An era of excellence in 100 years of Matlab High School
I participated in debates and set-speech competitions for all national celebrations. I once even won a speech competition on the life of Prophet Mohammed (PBUH). I remember one Muslim student from Narayanganj shouting out that I was a Hindu (and hence should not have participated in a Muslin event), as I was going to collect my prize. Headmaster paused for a second, gave the shouter a steely look, a look all students were afraid of. He then continued with giving me the first prize --- a stack of writing paper. In so doing, he encouraged, without saying so, participation of all students in any school event.
Headmaster's Interest in Students Beyond School
A great teacher never forgets his good students. Headmaster's interest in students did not end after they had left the school. He took them to good colleges, like Dhaka College, Notre Dame College, and Faujderhat Cadet College. He always followed the careers of his pupils with keen interest. He once asked one of Dr Patwari's students from BUET about my whereabouts. He also said to him: 'It is difficult to get students like Tapan.' It sounded like, in retirement, he was still looking for good students. In moments of self-doubt, I still derive strength recalling those words of a great teacher.
Headmaster's love for his past students was in display again just before the 1971 army crackdown in East Pakistan, which led to the Liberation War and the creation of the free nation of Bangladesh. It relates to JK, whom he helped graduate from high school, as mentioned earlier. Headmaster got JK admitted to Notre Dame College, from where he went to Presidency College, Calcutta, for personal reasons. There he was indoctrinated with Naxal ideas and was imprisoned for a while. Upon his release, he returned to Matlab. One day Headmaster came to know that JK was being held in the police station. He immediately rushed to the station. JK was in trouble for insisting that a vacant tin-roofed house at the station be used for housing poor people. Headmaster had him released in no time, by pointing out what a great student JK was and how much glory he had brought to the school and Matlab and that he was a good person with a kind heart for the poor.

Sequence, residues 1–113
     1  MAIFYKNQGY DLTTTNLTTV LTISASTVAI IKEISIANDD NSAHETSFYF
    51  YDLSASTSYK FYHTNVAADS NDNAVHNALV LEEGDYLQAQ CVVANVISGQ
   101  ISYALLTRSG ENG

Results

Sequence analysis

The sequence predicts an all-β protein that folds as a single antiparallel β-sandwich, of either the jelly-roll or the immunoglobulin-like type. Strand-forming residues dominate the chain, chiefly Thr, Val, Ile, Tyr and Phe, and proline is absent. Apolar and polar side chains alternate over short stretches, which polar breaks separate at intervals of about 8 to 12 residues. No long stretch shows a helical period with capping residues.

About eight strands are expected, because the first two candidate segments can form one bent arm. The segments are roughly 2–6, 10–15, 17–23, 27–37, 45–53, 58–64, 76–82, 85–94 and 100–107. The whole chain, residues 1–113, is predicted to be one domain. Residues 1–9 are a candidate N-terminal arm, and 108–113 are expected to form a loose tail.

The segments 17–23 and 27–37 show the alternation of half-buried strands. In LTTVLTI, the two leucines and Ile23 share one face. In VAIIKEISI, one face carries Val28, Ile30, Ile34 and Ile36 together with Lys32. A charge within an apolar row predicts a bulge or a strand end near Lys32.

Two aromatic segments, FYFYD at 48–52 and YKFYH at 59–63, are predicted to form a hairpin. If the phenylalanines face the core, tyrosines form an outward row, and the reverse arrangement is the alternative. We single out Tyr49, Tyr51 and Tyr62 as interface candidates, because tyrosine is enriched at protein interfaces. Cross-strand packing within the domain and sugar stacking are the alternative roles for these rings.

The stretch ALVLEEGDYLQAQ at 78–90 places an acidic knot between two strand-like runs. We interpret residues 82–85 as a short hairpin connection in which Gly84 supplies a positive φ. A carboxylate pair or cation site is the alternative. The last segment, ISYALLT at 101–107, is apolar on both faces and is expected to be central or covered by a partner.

I also recall the celebration party he threw for one of his favourite students, the late Liaquatullah Patwari (LP), mentioned earlier, who came in fifth in East Pakistan Board in 1960. I was then in class V. I still remember teacher Gani Sir writing a poem, at the request of Headmaster, reciting, it in his signature animated style, extolling the significance of the number five, even citing a Hindu mythological character Drupodi, who was married to five brothers. One of the main purposes of the celebration was to practice the eighth pillar of the Matlab Model of Success: inspiring students by examples from the school. A year later, Mr Mujibul Haq, came in third in East Pakistan Board surprising many, including the Headmaster. When LP died prematurely of an accident, Headmaster cried like he had just lost his beloved son, although the two Patwaris were not related. MJBHS was Headmaster's life. And the students were his sons and daughters.
DMP's Brilliance and Human Side
Dr Matin Patwari's (DMP) talent was recognized early by Headmaster, one of the best talent-identifiers of the era. He took him under his wing. I heard that DMP was very strong in Math (one of his BUET students told me that too), but not so in English and Bengali. Headmaster used to give him homework on writing précis, which he later read and provided feedback on. I also heard from another MJBHS alumnus of an incident, in which DMP approached his vernacular teacher, my father, on his way home from the bazaar, to explain something. The path from the bazaar to our home ran through the school yard. Father said he would see him later, as he was running late. Upon hearing the conversation, Headmaster asked father to take care of Matin and offered to substitute for father in the class, if he was late.
DMP also remembers his vernacular teacher fondly. In the early eighties, I was in the compound of Disneyland, Anaheim, California, when I felt a tap on my shoulder. It was DMP smiling. Another BUET alumnus Dr Rafiqul Islam was with him. There, DMP introduced me as the son of his vernacular teacher at Matlab. I could see pride and respect in his bright eyes and voice when he
To be continued...
Tapan Chakrabarty --- an MJBHS alumnus (1965), a BUET chemical engineer with a PhD from University of Waterloo, a seven-continent marathon finisher, an inventor and an innovator, and a columnist --- writes from Calgary, Canada